Although the story on the whole is lackluster, there are definitely moments in which its shines. But while I can’t divulge those moments, because that would be spoiling things, I can use that as a springboard with which to analyze how the game succeeds in some ways and falls flat in others.
American Fugitive is good in spots. And those spots are fun. But on the whole, the game just barely keeps up with its own scope of ambition. The story is okay, and the shootouts and car chases are some fun stuff, but the game got so repetitive at points that I stopped caring after a while. That’s not a good thing when a story has three acts to get through. I’m genuinely surprised and thankful that so much activity is packed into the game, but it’s a disappointment that its only purpose seems to be a padding out of the time spent with the game. And that’s a shame, because with the things to do that are actually fun, I find that to be a lot of time well spent.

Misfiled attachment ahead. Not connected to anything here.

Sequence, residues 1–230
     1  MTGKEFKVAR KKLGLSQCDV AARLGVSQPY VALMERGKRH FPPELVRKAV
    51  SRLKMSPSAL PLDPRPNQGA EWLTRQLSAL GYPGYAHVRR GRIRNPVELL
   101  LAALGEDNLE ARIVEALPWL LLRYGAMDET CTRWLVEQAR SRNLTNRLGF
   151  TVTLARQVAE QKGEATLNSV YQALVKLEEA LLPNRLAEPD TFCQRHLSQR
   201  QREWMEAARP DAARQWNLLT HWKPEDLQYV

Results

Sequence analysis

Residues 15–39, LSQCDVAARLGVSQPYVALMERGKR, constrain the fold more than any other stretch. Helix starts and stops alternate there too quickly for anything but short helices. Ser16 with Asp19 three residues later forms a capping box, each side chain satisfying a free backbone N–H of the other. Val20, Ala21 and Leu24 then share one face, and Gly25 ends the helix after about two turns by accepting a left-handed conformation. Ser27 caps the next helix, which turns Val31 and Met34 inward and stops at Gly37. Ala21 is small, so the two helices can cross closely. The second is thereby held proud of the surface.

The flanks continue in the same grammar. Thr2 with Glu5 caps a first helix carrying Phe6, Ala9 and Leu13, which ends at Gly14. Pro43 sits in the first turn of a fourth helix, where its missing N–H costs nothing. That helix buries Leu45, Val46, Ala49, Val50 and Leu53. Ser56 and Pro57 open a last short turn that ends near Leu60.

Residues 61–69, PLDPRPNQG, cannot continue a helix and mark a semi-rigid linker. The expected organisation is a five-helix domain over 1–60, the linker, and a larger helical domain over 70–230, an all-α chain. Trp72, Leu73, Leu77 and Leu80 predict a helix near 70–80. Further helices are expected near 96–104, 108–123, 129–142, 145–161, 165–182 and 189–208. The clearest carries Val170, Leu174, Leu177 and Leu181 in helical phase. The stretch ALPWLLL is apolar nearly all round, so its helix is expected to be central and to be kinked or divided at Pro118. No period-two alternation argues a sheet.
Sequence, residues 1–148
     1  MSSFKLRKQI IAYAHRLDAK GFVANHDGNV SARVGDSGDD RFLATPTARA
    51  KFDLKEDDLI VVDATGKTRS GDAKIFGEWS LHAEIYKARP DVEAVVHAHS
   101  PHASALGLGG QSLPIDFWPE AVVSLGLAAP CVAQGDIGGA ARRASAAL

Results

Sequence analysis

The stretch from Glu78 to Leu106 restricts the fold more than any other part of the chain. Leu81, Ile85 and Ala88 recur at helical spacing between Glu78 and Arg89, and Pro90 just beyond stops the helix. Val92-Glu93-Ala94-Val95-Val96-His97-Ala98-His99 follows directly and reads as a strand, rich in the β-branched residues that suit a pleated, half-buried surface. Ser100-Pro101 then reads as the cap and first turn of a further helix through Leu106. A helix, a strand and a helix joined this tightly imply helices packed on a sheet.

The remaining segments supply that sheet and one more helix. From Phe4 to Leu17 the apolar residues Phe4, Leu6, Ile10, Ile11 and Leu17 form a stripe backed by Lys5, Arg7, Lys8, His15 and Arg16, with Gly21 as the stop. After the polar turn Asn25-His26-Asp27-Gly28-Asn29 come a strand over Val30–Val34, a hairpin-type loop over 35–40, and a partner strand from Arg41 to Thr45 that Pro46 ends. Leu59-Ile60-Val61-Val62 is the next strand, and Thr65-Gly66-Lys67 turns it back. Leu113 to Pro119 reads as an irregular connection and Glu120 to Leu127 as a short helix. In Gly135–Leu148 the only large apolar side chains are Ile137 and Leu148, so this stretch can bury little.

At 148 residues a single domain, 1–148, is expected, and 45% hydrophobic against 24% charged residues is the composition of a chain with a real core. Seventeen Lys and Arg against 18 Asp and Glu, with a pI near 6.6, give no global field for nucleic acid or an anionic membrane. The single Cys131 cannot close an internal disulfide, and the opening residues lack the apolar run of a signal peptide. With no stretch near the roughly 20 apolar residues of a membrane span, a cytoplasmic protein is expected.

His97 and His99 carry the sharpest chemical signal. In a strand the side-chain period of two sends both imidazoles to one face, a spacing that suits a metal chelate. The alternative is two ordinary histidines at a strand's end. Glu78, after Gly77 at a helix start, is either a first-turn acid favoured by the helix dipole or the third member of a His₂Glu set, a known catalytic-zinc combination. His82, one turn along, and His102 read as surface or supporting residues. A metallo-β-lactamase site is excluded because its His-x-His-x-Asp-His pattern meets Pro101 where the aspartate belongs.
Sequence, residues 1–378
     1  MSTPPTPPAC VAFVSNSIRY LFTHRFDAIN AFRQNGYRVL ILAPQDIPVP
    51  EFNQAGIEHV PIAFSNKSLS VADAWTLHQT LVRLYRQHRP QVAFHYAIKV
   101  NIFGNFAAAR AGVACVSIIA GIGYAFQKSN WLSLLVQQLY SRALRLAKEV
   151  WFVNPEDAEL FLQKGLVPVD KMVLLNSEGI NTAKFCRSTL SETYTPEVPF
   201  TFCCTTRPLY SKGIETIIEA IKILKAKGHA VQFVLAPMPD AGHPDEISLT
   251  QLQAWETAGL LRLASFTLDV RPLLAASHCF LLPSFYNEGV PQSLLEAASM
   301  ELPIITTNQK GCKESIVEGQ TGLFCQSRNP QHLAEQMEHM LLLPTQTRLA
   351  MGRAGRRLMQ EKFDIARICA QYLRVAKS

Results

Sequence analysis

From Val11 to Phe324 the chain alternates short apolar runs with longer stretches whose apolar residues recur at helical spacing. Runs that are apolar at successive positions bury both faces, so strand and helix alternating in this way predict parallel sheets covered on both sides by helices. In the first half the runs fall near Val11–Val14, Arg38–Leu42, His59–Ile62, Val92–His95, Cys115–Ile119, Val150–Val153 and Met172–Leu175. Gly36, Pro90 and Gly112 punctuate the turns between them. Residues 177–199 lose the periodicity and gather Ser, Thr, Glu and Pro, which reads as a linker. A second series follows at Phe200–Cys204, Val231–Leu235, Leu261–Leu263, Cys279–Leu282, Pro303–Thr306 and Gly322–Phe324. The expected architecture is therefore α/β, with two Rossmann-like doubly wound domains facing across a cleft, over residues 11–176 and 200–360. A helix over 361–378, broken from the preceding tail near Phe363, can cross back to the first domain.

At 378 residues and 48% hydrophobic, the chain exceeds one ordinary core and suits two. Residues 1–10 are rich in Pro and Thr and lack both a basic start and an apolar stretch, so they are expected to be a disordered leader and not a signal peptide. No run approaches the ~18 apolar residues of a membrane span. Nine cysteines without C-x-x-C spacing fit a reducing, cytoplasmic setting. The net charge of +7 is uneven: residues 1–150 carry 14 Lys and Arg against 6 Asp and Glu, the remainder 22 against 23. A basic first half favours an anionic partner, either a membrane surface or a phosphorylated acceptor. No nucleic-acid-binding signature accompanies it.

* The product in this article was sent to us by the developer/company.
I am Nicholas Leon. My nickname is Nick, and it all started when I fired up Super Mario 64. I then moved on to the Zelda series (I beat Wind Waker on my dad's old save file a couple years ago) and other Nintendo products. I then moved on to Microsoft products where I have played the majority of my games.
I got into first-person shooters in middle school, and although my interest in them has subsided over time, there are still plenty of interesting titles in that area. My first foray into online gaming happened in high school with Battlefield 3.
Now, I'm getting more into PC gaming, and I also just bought my first PS4. and own my very first Pokemon game in Moon.
I love intelligent games. That doesn't mean they have to be smart, they just have to know what they are. Action, horror, RPGs, Wii Sports, you name it. I'm always down for new adventures.View Profile